Generation Z has been entering the workforce over the past couple of years. Just when you feel you have a handle on Millennials (born between 1981-1995) in the workforce, here comes Generation Z (born between 1995-2010). Work environments have changed over the past decade to help create cultures where Millennials thrive. However, Gen Z’s needs can be quite different, which may cause your company to re-think things, as Generation Z takes up a greater percentage of your employee base and will have different workplace expectations.
Approximately 73 million people make up Generation Z in the United States. This means Gen Z accounts for about 25 percent of the U.S. population. They are a larger group than Millennials and Gen Xers. Although Gen Z’s demographic profile is still being defined, they will have a big impact on the workforce because of the number of their generation alone. Learning more about Gen Z and their workplace expectations will help your company adapt and change more strategically as you continue to hire more from this new generation.
A similarity Gen Z has with Millennials is that they are very comfortable with technology, primarily because it has always been a part of their lives. They are used to immediate gratification through smartphones, Google searches and Amazon purchases. However, most of them have experienced their parents’ job loss and insecurity one or more times, which causes them to view work differently and have different expectations than Millennials.
Here are some key workplace expectations for Generation Z:
• Job Security: Like Millennials, they wish to make a difference. However, they are more concerned with job security and money. They seek jobs that provide secure long-term employment with commitments of consistent raises, securing their financial future. Your company will need to ensure it provides continual learning and advancement opportunities to this generation or they will look elsewhere.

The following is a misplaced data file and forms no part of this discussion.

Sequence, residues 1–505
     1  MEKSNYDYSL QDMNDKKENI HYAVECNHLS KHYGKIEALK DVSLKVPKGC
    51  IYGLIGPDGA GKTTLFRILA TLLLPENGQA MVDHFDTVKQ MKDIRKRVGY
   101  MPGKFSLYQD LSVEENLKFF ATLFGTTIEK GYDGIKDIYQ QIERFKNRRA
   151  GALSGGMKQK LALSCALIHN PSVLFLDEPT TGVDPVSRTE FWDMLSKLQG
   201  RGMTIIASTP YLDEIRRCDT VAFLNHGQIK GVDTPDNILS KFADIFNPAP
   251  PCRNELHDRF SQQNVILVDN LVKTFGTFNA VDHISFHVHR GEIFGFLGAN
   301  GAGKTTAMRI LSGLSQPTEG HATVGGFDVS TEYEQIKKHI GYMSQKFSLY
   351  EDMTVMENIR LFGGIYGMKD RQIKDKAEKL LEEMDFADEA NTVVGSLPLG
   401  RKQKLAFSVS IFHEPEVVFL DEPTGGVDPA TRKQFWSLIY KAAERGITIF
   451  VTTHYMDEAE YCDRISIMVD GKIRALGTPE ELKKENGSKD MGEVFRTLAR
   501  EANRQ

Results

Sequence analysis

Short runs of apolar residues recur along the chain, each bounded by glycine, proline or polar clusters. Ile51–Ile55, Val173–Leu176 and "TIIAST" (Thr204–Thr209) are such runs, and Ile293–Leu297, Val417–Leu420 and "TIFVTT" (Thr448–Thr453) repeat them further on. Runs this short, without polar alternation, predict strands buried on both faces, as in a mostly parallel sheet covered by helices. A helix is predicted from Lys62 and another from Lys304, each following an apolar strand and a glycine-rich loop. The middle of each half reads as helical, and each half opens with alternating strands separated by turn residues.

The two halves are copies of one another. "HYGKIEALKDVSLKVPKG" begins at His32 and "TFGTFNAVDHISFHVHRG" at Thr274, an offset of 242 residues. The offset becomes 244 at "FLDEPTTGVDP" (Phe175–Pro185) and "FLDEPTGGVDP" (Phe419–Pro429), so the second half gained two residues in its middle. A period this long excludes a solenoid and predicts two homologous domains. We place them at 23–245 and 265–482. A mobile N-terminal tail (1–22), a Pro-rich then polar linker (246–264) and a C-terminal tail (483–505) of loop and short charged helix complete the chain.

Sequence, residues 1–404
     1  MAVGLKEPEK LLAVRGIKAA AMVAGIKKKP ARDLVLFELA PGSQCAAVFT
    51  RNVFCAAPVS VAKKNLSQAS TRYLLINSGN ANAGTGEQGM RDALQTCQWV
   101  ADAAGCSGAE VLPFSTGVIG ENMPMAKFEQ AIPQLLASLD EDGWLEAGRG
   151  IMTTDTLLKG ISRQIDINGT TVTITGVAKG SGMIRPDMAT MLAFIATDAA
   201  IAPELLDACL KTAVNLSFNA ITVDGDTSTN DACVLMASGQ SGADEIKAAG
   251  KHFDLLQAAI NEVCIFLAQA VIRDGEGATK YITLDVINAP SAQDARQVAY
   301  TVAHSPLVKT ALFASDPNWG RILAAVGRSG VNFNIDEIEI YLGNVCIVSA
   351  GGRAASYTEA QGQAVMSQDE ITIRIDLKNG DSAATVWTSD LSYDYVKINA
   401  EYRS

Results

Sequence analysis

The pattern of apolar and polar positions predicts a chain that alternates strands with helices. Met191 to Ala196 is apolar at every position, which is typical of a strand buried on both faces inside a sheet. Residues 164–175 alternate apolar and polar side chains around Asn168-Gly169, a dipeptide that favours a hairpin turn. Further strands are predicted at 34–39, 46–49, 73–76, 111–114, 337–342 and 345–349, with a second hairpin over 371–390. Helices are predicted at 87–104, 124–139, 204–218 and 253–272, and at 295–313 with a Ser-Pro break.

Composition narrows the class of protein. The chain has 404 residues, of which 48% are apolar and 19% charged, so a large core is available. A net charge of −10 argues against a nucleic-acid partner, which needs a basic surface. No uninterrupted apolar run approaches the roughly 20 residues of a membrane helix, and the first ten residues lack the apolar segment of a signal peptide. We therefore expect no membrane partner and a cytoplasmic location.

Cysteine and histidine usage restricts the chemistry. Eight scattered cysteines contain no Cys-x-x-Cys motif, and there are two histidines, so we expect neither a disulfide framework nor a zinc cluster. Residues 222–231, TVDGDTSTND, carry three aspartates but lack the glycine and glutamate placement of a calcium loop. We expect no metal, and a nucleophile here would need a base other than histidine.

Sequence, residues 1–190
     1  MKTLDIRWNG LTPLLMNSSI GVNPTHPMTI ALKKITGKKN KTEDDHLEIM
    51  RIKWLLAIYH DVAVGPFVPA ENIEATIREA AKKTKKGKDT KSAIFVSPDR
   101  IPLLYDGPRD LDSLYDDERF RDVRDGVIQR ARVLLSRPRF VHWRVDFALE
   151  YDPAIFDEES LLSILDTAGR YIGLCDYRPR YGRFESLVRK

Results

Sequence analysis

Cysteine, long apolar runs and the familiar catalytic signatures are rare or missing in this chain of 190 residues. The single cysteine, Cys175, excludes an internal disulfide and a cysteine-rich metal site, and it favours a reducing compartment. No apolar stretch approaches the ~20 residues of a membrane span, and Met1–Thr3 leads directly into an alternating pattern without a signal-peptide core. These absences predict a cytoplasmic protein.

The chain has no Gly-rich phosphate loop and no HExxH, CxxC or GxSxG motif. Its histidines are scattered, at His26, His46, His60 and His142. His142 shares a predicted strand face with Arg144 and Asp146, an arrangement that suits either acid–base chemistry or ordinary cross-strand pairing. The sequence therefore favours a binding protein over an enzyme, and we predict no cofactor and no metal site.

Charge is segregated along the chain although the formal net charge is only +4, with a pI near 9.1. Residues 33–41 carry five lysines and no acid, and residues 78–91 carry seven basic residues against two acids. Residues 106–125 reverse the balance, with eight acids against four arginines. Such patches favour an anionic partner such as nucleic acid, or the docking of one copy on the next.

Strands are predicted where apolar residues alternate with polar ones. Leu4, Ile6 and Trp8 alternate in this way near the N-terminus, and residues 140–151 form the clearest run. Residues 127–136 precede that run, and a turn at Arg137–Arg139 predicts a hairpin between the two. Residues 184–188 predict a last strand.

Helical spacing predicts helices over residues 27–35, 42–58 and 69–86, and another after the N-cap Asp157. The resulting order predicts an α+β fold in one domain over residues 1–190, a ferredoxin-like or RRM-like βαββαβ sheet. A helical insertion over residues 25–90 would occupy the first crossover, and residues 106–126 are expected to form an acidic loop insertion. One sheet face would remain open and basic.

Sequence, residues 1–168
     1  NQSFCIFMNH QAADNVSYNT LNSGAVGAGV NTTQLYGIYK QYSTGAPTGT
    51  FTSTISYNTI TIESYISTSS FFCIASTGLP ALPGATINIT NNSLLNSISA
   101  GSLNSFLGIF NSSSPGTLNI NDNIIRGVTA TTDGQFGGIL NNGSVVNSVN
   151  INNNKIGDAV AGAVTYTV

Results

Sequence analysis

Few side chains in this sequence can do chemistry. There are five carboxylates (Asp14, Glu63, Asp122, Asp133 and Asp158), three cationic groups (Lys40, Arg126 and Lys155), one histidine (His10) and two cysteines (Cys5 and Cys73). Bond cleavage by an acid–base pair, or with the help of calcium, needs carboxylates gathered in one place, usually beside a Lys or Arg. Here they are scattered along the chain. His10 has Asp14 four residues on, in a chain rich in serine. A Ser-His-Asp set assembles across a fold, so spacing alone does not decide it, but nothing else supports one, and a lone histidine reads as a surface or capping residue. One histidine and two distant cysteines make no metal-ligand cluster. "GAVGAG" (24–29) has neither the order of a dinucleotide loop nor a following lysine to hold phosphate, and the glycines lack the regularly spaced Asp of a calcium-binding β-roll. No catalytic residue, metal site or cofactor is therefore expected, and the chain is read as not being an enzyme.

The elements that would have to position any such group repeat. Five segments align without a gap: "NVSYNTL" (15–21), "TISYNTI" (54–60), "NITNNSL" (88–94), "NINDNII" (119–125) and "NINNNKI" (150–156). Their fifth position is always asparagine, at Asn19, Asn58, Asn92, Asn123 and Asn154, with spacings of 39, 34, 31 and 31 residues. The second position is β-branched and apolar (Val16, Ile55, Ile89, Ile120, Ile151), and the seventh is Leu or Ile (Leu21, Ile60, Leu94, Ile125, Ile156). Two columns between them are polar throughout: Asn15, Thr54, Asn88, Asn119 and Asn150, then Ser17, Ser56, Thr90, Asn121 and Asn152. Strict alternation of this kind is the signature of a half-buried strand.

• Job Independence: Gen Z is competitive, and they also seek independence. They are accustomed to working in teams, but really prefer to work alone. Also, they prefer individual work areas vs open, collaborative work spaces. They want to manage their own projects in order for their own personal skills and talents to shine.
• Respect and Inclusivity: In the minds of Gen Z, respecting and accepting differences is a given. They expect that everyone has a voice regardless of opinion, socio-economic background or race/ethnicity. Whether or not your company espouses respect and inclusivity through its hiring practices and treatment of employees will be noticed by Gen Z.
• Face-to-Face Communication: Despite being known for their heavy use of texting, Gen Z is also highly accustomed to face-to-face communication due to their consistent use of FaceTime, Skype and other similar platforms that offer video. They seek constant feedback on their work and prefer the constructive feedback to be in person. Your company’s managers will find that Gen Z employees will expect more frequent coaching that provides feedback that they can utilize to improve their job performance, skills and knowledge.
• Training: Gen Z wants to build their careers quickly by increasing their skills and knowledge through training. They expect frequent opportunities to attend trainings and opportunities that will enhance their professional value as they expect the training will eventually lead to a promotion or pay raise. These learning opportunities are preferred to be 1-on-1. However, they are accustomed to video/online trainings, particularly if they are short time-based experiences similar to YouTube. Your company would benefit by reviewing its training and skill-building experiences for all employees, not just those for Gen Z, to ensure they are engaging and effective.
A company cannot transform entirely for a generation, but your company needs to ready for Generation Z. They will bring energy as well as new ideas and innovation to your organization. By learning more about Gen Z and their workplace expectations, you can help guide your company’s ability in hiring, training and retaining this large new group of employees.
This article was written by Matt Brillhart, Agriculture Future of America Director of Programs. AgCareers.com is the Strategic Career Success Partner of AFA.
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